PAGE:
Corporate websites can be dry old places. On the other hand, some are almost too eager to be friendly. There’s nothing wrong with either of these, but there is something that’s worse, and that’s an inconsistency of tone. If only one person ever creates content for the site, this may be less of an issue, but as soon as several people contribute, you need some sort of policy. Is it to be ‘we are the humourless authority on our subject’ or is it ‘doing business with us is like going down the pub’? You need to decide where you want to pitch things. There are good examples of all kinds in almost every market sector.
Once you’ve decided on a style and tone of voice, putting what you want into words, so that others can follow, is hard. One of the best ways is to pull out a set of sample product pages, blog posts, case studies etc. which you think reflects the way you want to come over. Other contributors can then refer to that. As a freelance writer, I’ve always found it very useful to be given an example to follow.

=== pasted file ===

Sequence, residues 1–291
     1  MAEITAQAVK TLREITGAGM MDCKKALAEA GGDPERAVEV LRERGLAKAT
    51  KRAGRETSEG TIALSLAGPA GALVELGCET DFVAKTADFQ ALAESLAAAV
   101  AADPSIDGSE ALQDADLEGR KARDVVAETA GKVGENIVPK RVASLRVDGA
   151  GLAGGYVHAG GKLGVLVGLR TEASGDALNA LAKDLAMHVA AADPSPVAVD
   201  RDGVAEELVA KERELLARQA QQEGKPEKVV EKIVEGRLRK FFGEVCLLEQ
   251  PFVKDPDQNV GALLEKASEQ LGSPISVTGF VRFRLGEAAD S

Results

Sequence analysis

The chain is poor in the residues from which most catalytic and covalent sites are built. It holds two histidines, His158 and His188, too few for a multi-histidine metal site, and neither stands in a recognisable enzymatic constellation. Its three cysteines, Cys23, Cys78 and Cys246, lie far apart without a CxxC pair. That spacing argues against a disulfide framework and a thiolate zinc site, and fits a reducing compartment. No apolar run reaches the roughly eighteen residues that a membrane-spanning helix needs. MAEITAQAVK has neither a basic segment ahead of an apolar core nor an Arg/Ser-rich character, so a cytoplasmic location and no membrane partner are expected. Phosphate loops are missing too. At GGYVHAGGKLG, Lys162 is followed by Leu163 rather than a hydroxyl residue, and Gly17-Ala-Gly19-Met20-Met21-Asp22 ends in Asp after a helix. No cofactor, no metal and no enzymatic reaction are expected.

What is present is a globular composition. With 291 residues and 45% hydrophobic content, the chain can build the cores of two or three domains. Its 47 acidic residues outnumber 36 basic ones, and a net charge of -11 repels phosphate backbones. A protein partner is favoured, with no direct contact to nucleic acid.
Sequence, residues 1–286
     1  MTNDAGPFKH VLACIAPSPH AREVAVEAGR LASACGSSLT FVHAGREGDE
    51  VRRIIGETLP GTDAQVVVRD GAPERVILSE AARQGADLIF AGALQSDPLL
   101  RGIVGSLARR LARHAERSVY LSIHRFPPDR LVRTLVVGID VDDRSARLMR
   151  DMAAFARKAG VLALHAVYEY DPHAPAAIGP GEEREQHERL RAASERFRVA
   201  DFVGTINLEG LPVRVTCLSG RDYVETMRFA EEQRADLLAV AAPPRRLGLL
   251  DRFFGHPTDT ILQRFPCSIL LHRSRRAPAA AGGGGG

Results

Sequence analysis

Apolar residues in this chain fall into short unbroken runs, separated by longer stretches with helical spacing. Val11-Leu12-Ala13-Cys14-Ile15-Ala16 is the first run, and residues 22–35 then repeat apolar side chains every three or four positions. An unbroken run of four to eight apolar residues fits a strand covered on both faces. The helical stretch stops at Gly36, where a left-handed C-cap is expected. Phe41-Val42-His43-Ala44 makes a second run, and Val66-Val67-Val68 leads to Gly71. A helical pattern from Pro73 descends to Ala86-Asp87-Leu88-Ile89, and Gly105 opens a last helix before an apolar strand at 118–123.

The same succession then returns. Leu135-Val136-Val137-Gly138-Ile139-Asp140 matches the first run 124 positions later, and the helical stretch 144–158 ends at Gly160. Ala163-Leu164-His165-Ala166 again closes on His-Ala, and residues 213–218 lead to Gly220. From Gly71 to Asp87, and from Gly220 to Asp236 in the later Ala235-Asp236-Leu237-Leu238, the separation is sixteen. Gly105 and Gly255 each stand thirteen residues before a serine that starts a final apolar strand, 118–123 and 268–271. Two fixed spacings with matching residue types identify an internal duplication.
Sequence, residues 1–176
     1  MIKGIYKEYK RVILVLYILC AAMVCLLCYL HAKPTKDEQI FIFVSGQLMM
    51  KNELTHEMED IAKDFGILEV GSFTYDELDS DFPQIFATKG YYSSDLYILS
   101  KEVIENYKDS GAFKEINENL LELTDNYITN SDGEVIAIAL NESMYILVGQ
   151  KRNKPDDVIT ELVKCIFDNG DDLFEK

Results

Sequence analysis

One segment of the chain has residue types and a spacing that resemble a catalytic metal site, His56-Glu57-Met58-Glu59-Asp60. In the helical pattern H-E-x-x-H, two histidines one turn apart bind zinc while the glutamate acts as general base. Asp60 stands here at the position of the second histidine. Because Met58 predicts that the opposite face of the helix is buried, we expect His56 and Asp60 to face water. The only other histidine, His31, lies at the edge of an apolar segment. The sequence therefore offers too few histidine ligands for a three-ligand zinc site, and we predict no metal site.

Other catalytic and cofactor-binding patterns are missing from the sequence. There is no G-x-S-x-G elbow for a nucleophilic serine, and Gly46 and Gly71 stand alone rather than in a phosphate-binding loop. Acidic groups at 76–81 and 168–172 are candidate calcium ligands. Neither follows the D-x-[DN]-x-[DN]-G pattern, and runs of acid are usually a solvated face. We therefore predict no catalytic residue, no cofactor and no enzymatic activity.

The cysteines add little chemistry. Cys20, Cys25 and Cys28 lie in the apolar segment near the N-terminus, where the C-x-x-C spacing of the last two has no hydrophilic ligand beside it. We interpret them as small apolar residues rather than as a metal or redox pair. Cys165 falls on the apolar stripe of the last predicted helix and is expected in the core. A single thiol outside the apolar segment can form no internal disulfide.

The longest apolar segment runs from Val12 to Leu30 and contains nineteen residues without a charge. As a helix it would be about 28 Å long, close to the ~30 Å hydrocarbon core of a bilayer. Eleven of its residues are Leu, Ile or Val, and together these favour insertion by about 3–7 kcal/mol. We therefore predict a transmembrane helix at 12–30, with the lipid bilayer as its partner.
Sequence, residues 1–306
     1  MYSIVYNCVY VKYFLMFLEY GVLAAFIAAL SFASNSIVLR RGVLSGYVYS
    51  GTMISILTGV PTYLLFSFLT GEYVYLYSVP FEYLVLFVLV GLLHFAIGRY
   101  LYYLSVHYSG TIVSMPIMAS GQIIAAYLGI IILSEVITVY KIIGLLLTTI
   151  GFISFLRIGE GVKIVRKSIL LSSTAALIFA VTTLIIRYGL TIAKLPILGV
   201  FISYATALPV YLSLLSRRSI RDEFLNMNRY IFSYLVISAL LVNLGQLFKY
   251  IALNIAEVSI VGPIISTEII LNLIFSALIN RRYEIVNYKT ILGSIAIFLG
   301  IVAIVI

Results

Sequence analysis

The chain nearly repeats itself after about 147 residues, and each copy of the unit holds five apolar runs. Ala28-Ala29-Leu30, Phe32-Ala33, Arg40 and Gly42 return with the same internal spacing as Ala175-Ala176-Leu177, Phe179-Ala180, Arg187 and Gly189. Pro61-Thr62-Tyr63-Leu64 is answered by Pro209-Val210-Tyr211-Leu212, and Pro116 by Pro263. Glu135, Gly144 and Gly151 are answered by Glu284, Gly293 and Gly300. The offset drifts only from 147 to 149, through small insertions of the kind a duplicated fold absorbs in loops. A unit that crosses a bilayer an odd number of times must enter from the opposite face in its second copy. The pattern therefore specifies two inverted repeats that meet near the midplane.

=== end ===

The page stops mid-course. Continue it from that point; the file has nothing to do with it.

This of course is a first step towards a ‘style guide’, but I’m sure that’s a step too far for most small businesses; it’s arguable if people read these anyway. That said, you can pick out some of the useful sections which appear in some of the best style guides, such as ‘terms to avoid’. I was interested to read recently that the Advertising Standards Authority has been clamping down on unverified claims from universities, and among the misleading statements was one which used the adjective ‘leading’. This has traditionally been a description used by lazy marketing departments who can’t find anything quantifiably good to say about their businesses, and it’ll be interesting to see if the word starts to get the ridicule it’s long deserved.